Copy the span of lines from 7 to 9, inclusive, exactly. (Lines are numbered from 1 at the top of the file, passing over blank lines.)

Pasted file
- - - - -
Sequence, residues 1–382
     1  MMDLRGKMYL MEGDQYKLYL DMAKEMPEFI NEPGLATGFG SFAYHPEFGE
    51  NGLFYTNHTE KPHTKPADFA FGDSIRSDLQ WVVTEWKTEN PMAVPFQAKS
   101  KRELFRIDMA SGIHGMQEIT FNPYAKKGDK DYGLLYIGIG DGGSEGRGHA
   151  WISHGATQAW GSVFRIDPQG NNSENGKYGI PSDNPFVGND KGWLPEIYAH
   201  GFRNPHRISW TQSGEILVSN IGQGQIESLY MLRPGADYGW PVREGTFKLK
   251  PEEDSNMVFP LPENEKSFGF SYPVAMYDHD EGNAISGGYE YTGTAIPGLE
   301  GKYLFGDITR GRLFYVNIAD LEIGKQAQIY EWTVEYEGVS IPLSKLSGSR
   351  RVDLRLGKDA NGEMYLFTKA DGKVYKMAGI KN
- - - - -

   251  PEEDSNMVFP LPENEKSFGF SYPVAMYDHD EGNAISGGYE YTGTAIPGLE
   301  GKYLFGDITR GRLFYVNIAD LEIGKQAQIY EWTVEYEGVS IPLSKLSGSR
   351  RVDLRLGKDA NGEMYLFTKA DGKVYKMAGI KN